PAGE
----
By now you’ve probably heard about the gigantic scandal that has
besieged German automaker Volkswagen, who own and operate a number of
other brands including Audi, Bugatti, and numerous others. In September
2015, the automotive mega-giant admitted to installing software that was
designed to cheat emissions tests conducted by the EPA in order for their
line of “clean” diesel sedans to go on sale in the United
States. As a part of this now multi-year period of turmoil, Volkswagen
has seen plummeting sales numbers and tremendous losses as the company
has now begun to work out solutions that will resolve these emissions problems.
However, this solution doesn’t matter for thousands of people who
had purchased one of the vehicles with the corrupt software—the
dishonesty alone was enough for people to demand a full refund on their
purchase price or having the lease cancelled, which should come as no
surprise as many people bought these vehicles for their advertised environmental
friendliness. Owners can still file a claim with Volkswagen until September 1st of this year, opting to either have their lease cancelled, their car bought
back, or receive modifications and improvements that remove the faulty
software and allow the car to be legally driven under acceptable emissions
Volkswagen, in an attempt to salvage some of their respectability and reputation,
have since found themselves with hundreds of thousands of vehicles—more
than 350,000 in fact, and it isn’t sure exactly what to do with
them all yet. And that’s where we find Volkswagen today, storing
these vehicles in 37 remote storage facilities all around the country,
including a somewhat famous one here in Southern California. The Southern
California Logistics Airport, located in Victorville, has become an unofficial
landmark for desert travelers as a boneyard for retired airplanes and
jetliners that have exhausted their life. The planes are clearly visible
from Highway 395, which connects much of Southern California to popular
ski resorts like Mammoth Mountain and northern vacation destinations such as Reno.
Those retired aircraft are now joined by a new sight for travelers: tens
of thousands of Volkswagen diesel vehicles, which are being stored on
a 134-acre tarmac lot being leased by Volkswagen until they can figure
out a plan for utilizing these vehicles in the future. Not all storage
facilities are like the one close to us here in Southern California: the
automaker has rented an abandoned football stadium in the Detroit suburbs
and an old paper mill in Minnesota amongst other places.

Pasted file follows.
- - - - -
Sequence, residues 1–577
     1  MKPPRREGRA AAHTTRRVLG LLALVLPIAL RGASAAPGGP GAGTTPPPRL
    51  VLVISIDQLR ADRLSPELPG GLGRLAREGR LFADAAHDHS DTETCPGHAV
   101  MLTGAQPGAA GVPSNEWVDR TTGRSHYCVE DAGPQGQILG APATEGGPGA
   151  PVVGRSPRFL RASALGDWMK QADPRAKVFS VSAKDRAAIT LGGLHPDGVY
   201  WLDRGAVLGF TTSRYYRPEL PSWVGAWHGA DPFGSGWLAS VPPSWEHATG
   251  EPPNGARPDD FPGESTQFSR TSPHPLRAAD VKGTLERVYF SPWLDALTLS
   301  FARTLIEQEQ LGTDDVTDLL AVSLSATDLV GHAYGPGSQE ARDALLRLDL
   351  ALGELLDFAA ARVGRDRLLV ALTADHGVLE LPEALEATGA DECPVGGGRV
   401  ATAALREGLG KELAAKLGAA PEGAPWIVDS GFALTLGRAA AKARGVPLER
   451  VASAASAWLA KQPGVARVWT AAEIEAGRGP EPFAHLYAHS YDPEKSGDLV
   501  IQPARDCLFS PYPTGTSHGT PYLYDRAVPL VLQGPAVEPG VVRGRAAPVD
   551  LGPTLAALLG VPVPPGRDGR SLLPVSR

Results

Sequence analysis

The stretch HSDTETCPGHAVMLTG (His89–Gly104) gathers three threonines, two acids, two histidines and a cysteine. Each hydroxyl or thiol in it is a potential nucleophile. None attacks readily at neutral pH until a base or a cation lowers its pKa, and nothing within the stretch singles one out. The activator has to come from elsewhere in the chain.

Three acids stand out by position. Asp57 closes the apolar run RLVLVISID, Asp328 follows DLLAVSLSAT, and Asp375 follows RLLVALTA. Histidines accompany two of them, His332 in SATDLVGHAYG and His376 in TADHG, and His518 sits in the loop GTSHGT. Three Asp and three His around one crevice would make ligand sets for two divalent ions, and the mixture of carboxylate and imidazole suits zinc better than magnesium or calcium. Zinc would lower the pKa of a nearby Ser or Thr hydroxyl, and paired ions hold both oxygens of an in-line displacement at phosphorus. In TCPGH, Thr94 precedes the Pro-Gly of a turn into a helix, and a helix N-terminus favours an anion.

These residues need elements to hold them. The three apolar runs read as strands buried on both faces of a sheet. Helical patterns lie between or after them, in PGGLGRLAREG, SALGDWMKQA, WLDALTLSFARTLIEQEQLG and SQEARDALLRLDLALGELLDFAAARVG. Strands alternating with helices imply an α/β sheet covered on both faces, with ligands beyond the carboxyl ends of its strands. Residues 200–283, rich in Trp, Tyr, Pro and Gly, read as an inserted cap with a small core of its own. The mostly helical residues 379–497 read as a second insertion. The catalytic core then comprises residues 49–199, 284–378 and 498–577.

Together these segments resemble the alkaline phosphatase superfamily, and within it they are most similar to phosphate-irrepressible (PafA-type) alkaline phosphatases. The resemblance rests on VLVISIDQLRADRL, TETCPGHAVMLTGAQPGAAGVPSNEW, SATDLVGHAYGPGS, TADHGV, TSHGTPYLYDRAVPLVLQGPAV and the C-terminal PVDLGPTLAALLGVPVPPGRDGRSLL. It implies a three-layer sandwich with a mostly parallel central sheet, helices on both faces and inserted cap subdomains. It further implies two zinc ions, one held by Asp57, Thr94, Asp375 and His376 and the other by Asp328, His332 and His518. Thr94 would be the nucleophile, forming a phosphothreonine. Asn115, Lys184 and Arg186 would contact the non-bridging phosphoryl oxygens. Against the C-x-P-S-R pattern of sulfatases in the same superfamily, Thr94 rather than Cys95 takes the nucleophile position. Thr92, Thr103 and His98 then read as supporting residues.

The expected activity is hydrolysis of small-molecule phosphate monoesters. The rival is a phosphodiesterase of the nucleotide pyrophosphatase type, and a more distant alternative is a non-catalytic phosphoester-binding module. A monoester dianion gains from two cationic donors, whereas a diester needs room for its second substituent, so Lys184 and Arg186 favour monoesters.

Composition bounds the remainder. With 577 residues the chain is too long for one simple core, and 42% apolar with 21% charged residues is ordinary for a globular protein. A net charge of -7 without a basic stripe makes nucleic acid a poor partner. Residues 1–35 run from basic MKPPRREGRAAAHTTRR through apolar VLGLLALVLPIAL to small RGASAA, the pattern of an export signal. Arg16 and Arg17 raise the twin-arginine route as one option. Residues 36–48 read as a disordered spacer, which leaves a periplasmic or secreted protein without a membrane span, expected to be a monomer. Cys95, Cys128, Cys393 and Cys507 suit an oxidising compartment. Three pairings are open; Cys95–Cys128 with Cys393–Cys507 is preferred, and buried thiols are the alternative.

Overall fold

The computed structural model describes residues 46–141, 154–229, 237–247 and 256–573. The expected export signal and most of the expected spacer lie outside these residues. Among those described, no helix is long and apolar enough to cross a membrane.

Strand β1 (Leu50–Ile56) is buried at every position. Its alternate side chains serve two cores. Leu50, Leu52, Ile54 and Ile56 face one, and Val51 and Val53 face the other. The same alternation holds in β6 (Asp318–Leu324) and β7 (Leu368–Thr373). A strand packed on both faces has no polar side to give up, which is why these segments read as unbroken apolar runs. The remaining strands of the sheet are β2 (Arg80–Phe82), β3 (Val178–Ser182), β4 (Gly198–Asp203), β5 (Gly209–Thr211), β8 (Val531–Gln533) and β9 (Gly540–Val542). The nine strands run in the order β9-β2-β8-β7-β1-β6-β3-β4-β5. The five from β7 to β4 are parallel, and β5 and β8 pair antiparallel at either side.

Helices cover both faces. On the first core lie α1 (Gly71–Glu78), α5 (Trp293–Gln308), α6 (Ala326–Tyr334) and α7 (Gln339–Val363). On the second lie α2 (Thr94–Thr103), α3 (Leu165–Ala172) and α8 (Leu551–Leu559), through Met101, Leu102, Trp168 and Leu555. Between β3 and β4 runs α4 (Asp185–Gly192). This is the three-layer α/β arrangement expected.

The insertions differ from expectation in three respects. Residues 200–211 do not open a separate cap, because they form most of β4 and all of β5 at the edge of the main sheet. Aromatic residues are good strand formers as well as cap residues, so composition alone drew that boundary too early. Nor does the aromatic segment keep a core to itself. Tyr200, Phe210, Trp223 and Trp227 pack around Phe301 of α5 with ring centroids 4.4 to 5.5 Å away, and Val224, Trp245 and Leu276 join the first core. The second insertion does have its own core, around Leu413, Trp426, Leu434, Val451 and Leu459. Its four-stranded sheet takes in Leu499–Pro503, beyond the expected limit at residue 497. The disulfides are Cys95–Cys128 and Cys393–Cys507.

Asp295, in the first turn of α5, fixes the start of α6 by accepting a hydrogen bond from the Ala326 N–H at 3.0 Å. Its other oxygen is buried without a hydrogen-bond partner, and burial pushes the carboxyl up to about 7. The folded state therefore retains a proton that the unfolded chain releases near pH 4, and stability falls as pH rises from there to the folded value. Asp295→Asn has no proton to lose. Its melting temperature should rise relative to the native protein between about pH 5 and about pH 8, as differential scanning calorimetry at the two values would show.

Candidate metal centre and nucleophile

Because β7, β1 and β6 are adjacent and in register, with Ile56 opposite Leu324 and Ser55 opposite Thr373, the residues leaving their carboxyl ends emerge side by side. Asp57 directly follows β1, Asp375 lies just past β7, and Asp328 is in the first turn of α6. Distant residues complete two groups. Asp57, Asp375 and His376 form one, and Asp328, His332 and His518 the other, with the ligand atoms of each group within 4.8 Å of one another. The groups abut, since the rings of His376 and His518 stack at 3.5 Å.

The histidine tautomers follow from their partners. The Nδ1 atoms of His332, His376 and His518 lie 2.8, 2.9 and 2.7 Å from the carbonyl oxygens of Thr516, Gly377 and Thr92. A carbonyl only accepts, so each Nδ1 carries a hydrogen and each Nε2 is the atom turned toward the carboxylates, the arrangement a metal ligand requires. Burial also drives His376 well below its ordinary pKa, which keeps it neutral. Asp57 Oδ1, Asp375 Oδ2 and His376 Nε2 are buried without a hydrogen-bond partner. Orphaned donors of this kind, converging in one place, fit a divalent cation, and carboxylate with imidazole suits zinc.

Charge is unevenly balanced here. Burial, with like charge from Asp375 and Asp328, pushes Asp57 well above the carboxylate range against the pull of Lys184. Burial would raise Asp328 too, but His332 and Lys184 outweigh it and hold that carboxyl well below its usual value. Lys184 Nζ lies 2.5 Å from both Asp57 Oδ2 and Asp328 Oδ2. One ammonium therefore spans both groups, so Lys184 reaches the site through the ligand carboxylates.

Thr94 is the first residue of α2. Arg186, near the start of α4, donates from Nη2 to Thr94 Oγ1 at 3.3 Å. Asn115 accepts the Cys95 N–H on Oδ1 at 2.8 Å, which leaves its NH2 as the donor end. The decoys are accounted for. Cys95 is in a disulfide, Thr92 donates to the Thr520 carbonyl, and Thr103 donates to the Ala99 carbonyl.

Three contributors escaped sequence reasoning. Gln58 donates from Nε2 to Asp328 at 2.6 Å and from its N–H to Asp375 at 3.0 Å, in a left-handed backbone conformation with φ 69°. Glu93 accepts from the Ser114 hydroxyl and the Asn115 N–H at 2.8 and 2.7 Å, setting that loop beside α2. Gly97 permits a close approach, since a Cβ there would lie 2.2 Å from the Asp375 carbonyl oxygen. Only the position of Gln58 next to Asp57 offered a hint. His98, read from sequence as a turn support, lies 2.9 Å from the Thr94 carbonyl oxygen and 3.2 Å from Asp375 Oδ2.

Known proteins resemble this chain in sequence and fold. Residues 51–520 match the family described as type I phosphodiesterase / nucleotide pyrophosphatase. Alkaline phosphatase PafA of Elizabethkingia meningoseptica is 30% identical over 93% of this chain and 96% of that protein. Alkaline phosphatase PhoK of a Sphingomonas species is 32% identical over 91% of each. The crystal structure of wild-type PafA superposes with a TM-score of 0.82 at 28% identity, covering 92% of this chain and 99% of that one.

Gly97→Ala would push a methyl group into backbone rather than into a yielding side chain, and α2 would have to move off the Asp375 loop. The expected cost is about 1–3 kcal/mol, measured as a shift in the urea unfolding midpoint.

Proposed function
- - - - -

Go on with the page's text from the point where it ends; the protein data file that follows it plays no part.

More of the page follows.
Volkswagen claims the vehicles are being stored on an interim basis until
the company can determine a plan for their fate. Whether that fate is
to be repaired and sent back into the market or to be scraped for parts
to be used in a future line of vehicles remains to be seen. However, the
company does say the vehicles have not been abandoned; they are being
maintained regularly. So if you’re holding out hope for getting
a sweet deal on a barely-used or possibly even brand-new turbo-diesel
sedan (that this time gets under the emissions limits), then you may still
be in luck.
Have an Affected Vehicle?
If you have a vehicle with this defective software on it, you most likely
have been contacted by Volkswagen already about its status. However, if
you haven’t been, you can check to see if your vehicle is one that’s
going to Volkswagen’s website and entering your 17-digit vehicle identification number (VIN). Affected
models include all TDI models of Volkswagen produced vehicles, including
popular models like the Beetle, Golf, Jetta, Passat, and Touareg, as well
as the Audi A3, A6, A7, A8, Q5, Q7, and the Porsche Cayenne Diesel.
As stated previously, Volkswagen has offered to buy back vehicles from
affected owners who file a claim by September 1st of this year. The company has also recently agreed to a $14.7 billion
settlement. However, you may also be able to forego your share of this
settlement and file a lawsuit of your own against them.
So, if you own one of the Volkswagens mentioned, please
go to Volkswagen’s website. And in the meantime, send your friends or family to Norman Taylor &
Associates when you suspect they may have a "lemon" on their
hands. We are here to be of service.